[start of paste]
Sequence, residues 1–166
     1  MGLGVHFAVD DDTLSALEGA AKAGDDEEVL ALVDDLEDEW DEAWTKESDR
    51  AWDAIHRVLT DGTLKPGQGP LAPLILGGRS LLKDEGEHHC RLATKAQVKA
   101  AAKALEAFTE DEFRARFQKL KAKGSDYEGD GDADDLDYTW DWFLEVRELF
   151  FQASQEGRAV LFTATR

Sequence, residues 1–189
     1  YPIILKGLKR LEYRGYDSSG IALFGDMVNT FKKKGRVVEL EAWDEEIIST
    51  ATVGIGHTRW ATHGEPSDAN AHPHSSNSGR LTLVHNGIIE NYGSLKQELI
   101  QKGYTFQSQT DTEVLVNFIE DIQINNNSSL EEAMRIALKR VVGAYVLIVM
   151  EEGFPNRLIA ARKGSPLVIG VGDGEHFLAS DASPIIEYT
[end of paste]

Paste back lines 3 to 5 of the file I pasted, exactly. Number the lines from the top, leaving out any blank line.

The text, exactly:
    51  AWDAIHRVLT DGTLKPGQGP LAPLILGGRS LLKDEGEHHC RLATKAQVKA
   101  AAKALEAFTE DEFRARFQKL KAKGSDYEGD GDADDLDYTW DWFLEVRELF
   151  FQASQEGRAV LFTATR